Written and directed by Darren Aronofsky
Mother (Jennifer Lawrence) rises in the morning, a new day in her beautiful manor home in the middle of the woods. She shares this home with Him (Javier Bardem), her husband, a poet, and they live in solitude together. Then one night a knock at the door and a Man (Ed Harris) is on the steps. He is a doctor who claims he was told this was a bed and breakfast. Mother’s husband lets him in and without consulting her, allows the Man to stay. The next morning a Woman (Michelle Pfeiffer) arrives, the wife of the Man and suddenly Mother’s husband becomes obsessed with this family, ignoring her. From there, the litany of guests and violence increases as Mother becomes lost in her own world.
Director Darren Aronofsky is known for the intense cinematic experiences he has delivered so far. Requiem for a Dream was his big mainstream success and remains a film I have only seen once because of how extreme his vision is. His follow-up The Fountain isn’t intense in the same way. Instead, it veers for an emotional torment without the gore and violence of Requiem. I found The Wrestler to be a great film and probably my favorite of his work. Next was Black Swan, which was able to rediscover the intensity of Requiem but with a more subtle touch. I haven’t yet seen Noah, possibly one day, along with Pi. Now we get to mother! which is a different sort of intense and moves into realms of abstraction Aronofsky hasn’t yet touched on before.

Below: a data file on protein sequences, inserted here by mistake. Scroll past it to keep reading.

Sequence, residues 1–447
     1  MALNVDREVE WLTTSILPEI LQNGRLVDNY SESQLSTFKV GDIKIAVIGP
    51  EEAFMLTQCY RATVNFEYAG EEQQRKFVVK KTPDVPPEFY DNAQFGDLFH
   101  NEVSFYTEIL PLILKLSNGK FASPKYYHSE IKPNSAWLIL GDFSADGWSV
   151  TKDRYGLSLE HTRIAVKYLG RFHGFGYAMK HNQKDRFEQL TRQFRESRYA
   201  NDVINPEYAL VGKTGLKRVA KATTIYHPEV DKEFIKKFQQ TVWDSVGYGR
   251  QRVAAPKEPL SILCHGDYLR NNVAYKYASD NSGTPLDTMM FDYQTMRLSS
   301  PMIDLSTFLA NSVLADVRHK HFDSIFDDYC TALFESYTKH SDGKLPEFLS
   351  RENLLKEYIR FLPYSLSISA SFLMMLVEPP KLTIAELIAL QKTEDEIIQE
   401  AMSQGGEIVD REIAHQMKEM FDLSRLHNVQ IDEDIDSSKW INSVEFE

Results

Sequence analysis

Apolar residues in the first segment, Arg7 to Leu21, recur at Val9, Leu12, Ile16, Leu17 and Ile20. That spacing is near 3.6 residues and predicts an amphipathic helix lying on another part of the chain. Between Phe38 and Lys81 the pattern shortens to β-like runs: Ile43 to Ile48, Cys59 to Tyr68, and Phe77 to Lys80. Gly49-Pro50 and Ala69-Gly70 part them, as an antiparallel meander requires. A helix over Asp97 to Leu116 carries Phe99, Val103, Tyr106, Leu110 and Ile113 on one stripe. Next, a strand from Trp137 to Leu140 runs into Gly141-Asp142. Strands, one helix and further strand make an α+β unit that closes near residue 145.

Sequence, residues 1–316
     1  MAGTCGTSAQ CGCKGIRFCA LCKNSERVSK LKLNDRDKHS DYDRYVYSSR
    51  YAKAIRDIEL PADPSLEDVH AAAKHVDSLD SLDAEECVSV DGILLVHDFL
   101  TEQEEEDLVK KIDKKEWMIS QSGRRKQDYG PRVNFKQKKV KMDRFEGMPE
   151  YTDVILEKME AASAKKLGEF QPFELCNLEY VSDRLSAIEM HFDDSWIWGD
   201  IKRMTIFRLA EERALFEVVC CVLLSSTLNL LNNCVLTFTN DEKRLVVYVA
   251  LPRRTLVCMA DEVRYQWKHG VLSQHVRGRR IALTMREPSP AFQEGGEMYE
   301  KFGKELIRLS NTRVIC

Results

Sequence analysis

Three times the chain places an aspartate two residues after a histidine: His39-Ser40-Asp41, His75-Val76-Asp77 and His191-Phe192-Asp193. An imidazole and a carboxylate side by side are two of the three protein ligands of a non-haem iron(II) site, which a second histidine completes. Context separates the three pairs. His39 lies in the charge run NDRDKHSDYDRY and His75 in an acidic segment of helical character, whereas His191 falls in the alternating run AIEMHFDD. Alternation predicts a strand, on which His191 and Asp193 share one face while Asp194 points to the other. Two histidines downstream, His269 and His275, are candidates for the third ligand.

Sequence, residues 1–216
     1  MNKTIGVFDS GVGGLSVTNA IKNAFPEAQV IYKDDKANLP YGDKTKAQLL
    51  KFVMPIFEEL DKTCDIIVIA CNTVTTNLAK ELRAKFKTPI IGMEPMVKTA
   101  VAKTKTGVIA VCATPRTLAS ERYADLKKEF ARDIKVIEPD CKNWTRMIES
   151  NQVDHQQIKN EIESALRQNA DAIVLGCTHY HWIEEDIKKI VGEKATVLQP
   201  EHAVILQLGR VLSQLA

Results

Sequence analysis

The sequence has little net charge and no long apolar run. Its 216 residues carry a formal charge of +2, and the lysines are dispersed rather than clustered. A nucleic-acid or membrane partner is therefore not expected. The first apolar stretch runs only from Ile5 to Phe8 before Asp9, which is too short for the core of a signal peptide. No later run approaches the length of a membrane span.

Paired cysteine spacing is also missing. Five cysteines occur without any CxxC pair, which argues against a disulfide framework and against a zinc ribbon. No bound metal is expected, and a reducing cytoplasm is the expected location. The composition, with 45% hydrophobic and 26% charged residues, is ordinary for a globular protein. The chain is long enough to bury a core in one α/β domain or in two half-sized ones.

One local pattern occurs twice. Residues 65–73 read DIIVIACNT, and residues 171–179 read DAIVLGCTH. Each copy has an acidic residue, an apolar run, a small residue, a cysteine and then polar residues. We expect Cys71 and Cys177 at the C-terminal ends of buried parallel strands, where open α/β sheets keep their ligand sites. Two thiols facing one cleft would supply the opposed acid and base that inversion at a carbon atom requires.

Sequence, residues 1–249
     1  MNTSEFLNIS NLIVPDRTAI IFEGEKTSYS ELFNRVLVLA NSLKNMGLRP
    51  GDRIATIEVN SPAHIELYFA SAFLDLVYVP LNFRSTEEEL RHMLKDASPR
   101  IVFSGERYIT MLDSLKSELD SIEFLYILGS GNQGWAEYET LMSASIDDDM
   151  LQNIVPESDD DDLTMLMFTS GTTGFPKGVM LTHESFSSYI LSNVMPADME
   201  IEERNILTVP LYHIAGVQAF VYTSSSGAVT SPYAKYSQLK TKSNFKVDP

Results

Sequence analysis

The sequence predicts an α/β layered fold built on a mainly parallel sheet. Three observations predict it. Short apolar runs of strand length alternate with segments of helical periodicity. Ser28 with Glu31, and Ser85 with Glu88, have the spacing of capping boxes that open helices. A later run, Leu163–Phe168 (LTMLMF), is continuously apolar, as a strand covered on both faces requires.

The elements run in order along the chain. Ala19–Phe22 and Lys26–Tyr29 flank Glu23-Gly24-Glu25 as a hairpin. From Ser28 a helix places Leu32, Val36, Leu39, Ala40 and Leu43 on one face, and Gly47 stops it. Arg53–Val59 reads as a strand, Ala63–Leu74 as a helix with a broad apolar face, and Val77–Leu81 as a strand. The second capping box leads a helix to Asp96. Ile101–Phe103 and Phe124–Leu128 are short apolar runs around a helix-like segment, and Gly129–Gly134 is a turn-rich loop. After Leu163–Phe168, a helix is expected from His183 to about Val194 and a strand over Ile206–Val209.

There is, what I found to be, an obvious allegory going on here and if you happen to glimpse at the credits and character names on IMDB, this appears to be a modern version of a morality play, much Everyman or The Pilgrim’s Progress. Actors are not playing characters, rather the personification of concepts. What those concepts are is sometimes left up to the audience’s interpretation and other times it is made very clear. Depending on how you specifically view this sort of abstraction in media, you will either eat up the large philosophical points being made beneath the surface or find yourself eye rolling your way through the picture. mother! is a film that is virtually impossible to assign an objective rating to because it is reliant on the individual audience member’s reaction to what is being said.
I can’t think of a film in a long while what has the potential to elicit such a strong emotional reaction from mainstream audiences. Jennifer Lawrence and Javier Bardem’s presences are likely to bring in a slightly larger audience than this film would have garnered had lesser known actors been cast. Both deliver very affecting performances, Bardem walks a line between warm natured and sinister, playing the concept he represents in a way that will surprise viewers when they catch on to who he supposed to be. Lawrence does an excellent job and is really put through the emotional ringer particularly in the film’s climax.
mother! is also a film that is near impossible to discuss in depth without revealing the message behind everything. I guarantee it will be the most intense and unique cinematic experience you are likely to have this year. One way to know if what Aronofsky is doing will appeal to you is that Twin Peaks: The Return and mother! both traffic in the same realm of dream logic. Nothing is concrete, and everything has multiple meanings or interpretations. If what Lynch was doing in his television revival this summer was right up your alley then Aronofsky’s latest film will likely appeal to you as well.
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